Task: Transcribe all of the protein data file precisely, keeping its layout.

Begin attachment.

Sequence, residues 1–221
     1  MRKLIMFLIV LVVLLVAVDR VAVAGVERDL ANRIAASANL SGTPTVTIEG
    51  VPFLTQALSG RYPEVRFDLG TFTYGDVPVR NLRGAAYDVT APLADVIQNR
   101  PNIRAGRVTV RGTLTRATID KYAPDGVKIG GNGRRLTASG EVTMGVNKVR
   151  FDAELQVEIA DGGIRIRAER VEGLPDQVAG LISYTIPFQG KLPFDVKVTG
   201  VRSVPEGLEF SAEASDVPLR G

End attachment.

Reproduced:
Sequence, residues 1–221
     1  MRKLIMFLIV LVVLLVAVDR VAVAGVERDL ANRIAASANL SGTPTVTIEG
    51  VPFLTQALSG RYPEVRFDLG TFTYGDVPVR NLRGAAYDVT APLADVIQNR
   101  PNIRAGRVTV RGTLTRATID KYAPDGVKIG GNGRRLTASG EVTMGVNKVR
   151  FDAELQVEIA DGGIRIRAER VEGLPDQVAG LISYTIPFQG KLPFDVKVTG
   201  VRSVPEGLEF SAEASDVPLR G